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    Quote Originally Posted by rke[pler View Post
    I retired from Sandia a few years ago as a contractor (worked for 9954 subbed to 5528 and others). Walked daily past the big old machining building west across from the primary standards building and wondered what it might have been like back when it was loaded with machinery. I saw some of that machinery being auctioned at Bentley's over the years, one time there were a dozen 10EEs lined up for sale. The Hardinge UM mill in my shop came from LANL and a fair amount of other stuff but my 10EE came from Rockford IL.
    When I started in 1981 the Machine Shop was a thing to behold. I think the Inspection room must have been 8 or 10,000 square feet, all glassed in, everybody in lab coats. The Tool Crib was probably around 2000 square feet. They had it all, too. From the Miniature Shop where they could make microscopic components up to near Oil Patch size lathes, and a turntable I saw them turning a nose cone on one time. It was probably the Test Ban (and the Internet) that put them under. Without lots of new high-dollar programs the overhead just killed them. The last time I was there putting in a job I overheard a Volcanically Pissed Off department manager disputing a charge with one of the shop Leads, along the lines of "How the Hell can this little job have possibly cost $25k?!!" Everybody just started sending out their jobs, Management wasn't able to renegotiate the union contract, and poof! they were gone.

    -Jon

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    “10EE came from Rockford IL.”

    I wonder if your 10EE was from Barber Colman and it was used to build my #3 hobber. But then, decades before Rockford ranked highest in the country on the misery index, it was a hugely successful industrial city with many companies. Somebody actually wrote a history of Rockford, which I bought and read after getting my gear machine.

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    Quote Originally Posted by Briney Eye View Post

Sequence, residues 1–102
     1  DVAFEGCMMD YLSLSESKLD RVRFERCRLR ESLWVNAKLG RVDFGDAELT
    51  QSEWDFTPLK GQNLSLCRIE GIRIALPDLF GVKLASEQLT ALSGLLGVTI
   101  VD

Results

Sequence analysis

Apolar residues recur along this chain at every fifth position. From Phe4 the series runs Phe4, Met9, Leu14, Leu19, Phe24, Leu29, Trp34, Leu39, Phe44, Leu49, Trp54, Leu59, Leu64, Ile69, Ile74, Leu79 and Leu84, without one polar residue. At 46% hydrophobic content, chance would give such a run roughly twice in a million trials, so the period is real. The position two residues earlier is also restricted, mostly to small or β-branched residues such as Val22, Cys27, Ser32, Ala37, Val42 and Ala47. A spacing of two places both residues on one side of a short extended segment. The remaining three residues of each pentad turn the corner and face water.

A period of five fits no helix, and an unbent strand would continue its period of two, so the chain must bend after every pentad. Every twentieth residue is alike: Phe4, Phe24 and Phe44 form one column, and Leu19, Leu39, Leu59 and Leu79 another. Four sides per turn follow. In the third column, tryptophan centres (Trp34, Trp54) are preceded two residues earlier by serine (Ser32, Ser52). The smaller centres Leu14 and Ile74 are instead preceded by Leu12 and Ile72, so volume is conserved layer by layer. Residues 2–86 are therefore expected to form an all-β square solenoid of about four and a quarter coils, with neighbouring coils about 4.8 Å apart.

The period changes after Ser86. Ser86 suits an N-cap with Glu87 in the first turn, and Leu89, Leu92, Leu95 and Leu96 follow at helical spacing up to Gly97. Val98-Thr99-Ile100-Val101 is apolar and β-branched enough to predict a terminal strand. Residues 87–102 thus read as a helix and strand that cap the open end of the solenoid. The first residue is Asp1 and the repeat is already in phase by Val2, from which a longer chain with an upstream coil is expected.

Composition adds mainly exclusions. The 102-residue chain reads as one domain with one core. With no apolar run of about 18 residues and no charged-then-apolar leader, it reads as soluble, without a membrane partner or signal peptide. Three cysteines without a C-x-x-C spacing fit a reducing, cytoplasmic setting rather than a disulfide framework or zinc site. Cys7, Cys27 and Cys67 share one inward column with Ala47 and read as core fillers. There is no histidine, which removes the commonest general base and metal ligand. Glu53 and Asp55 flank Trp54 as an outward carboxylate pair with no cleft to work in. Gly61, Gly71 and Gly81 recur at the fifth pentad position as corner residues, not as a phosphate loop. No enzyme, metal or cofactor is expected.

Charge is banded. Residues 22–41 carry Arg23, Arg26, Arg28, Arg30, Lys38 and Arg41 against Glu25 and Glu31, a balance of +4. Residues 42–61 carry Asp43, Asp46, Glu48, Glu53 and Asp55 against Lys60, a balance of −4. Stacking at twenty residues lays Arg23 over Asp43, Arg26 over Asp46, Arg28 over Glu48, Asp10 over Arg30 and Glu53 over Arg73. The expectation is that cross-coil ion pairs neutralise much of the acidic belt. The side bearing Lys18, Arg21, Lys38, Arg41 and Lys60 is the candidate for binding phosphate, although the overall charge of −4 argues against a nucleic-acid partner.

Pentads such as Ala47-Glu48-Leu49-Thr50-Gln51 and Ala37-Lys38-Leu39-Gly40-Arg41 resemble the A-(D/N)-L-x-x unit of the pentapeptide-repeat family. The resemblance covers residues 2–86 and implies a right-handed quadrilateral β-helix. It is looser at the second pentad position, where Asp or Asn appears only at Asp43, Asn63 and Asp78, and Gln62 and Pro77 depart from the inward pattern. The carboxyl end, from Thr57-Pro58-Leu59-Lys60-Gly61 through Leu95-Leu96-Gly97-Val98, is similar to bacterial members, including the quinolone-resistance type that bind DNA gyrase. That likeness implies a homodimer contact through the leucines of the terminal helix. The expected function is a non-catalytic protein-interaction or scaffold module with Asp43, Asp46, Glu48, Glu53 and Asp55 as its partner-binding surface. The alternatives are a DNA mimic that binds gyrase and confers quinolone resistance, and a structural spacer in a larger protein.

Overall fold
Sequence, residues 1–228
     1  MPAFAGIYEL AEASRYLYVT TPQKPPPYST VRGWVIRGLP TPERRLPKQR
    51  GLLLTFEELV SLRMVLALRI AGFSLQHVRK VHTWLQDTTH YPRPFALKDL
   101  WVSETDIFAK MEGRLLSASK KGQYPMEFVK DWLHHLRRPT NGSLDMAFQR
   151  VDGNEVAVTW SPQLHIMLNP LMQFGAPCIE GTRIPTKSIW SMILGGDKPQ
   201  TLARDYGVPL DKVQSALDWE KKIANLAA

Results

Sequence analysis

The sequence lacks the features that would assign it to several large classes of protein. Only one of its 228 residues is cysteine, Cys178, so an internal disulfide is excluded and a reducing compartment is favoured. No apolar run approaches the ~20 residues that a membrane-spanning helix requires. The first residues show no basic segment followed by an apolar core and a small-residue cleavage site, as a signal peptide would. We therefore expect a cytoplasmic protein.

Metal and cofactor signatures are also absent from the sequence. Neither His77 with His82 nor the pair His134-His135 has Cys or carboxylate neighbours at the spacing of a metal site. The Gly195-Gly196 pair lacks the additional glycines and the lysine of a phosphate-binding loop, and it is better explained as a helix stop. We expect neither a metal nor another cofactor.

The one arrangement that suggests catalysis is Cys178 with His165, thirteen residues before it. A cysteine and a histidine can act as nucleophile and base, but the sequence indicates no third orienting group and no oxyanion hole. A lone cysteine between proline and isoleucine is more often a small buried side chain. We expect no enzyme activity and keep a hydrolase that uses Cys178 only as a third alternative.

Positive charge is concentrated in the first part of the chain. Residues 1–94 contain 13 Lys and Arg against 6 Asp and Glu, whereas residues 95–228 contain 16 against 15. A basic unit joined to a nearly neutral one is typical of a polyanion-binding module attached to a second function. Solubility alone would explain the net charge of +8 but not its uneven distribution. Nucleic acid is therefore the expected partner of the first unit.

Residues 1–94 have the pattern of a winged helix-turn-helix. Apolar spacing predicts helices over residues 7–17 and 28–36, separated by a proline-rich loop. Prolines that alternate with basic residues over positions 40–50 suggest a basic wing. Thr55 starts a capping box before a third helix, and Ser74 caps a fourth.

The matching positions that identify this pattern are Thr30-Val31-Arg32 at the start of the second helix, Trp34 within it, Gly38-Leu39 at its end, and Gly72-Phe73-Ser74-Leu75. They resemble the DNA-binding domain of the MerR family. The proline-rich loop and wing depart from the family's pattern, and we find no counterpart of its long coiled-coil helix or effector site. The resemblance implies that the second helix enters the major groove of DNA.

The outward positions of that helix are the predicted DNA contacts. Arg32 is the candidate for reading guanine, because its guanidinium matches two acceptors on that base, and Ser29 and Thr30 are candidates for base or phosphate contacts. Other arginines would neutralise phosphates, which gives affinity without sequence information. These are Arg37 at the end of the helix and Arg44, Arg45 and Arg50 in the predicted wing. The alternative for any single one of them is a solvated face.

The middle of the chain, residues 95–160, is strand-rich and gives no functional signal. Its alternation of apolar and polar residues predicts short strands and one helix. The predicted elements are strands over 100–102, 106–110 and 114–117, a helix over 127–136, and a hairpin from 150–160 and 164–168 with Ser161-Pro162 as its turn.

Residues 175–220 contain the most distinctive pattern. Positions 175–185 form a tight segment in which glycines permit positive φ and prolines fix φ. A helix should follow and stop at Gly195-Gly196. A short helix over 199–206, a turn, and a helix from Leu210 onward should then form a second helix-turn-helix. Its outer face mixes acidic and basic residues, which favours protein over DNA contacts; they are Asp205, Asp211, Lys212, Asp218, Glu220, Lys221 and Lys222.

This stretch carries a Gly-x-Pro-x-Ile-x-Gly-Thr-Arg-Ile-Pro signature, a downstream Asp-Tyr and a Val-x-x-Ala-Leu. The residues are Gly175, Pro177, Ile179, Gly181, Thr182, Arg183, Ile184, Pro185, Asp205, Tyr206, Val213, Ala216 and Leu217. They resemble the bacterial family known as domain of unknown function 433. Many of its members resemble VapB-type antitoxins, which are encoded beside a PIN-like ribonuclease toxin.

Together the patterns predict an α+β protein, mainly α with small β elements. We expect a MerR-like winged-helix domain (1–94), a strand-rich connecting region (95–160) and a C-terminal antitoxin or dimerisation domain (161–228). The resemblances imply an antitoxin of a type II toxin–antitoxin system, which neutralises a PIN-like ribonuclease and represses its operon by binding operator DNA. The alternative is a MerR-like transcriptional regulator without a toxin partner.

When I started in 1981 the Machine Shop was a thing to behold. I think the Inspection room must have been 8 or 10,000 square feet, all glassed in, everybody in lab coats. The Tool Crib was probably around 2000 square feet. They had it all, too. From the Miniature Shop where they could make microscopic components up to near Oil Patch size lathes, and a turntable I saw them turning a nose cone on one time. It was probably the Test Ban (and the Internet) that put them under. Without lots of new high-dollar programs the overhead just killed them. The last time I was there putting in a job I overheard a Volcanically Pissed Off department manager disputing a charge with one of the shop Leads, along the lines of "How the Hell can this little job have possibly cost $25k?!!" Everybody just started sending out their jobs, Management wasn't able to renegotiate the union contract, and poof! they were gone.

    -Jon
    I was there around then on a Family Day tour (every 5 years) and recall hearing one of the inspection folks talking about mapping the big surface plate and having to shut the parking lot so it was stable enough for the mapping to be finished. I recall the plate to be 40x20x5 - feet. Friends who were working there (including some from the shop) thought the DOE Safety "Tiger" Teams killed a lot of it, I know they poisoned the environment for my dad who left mostly as a result of their rampage through area 1.

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    Quote Originally Posted by bll230 View Post
    “10EE came from Rockford IL.”

    I wonder if your 10EE was from Barber Colman and it was used to build my #3 hobber. But then, decades before Rockford ranked highest in the country on the misery index, it was a hugely successful industrial city with many companies. Somebody actually wrote a history of Rockford, which I bought and read after getting my gear machine.
    Nope, it came from Ingersoll Milling. A fellow who worked there saved it from being tipped into a recycle dumpster and stored it in his unattached garage. I rescued it from there and spent a fair amount of time restoring it. Here's a shot of it when it landed in my shop:



    The nice thing was that it was all there. The bad thing was that everything had been dicked with, particularly the drive. That took most of a year to figure out and straighten all the problems out. But I have the company paper on the lathe including all the parts and such bought for it over it's life, kind of neat.

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    Quote Originally Posted by rke[pler View Post
    Friends who were working there (including some from the shop) thought the DOE Safety "Tiger" Teams killed a lot of it, I know they poisoned the environment for my dad who left mostly as a result of their rampage through area 1.
    I thought Admiral Watkins was a real REMF. At one time I was told that Employee Safety and Health was sucking up 15% of the Lab's total budget. I don't know what the number is lately, but it sucks up a lot of resources, and definitely was a factor in my deciding to retire. I got stuck with standing up a small electronics lab, and it was such a PITA that it only took a couple of bad days to give me the final push.

    -Jon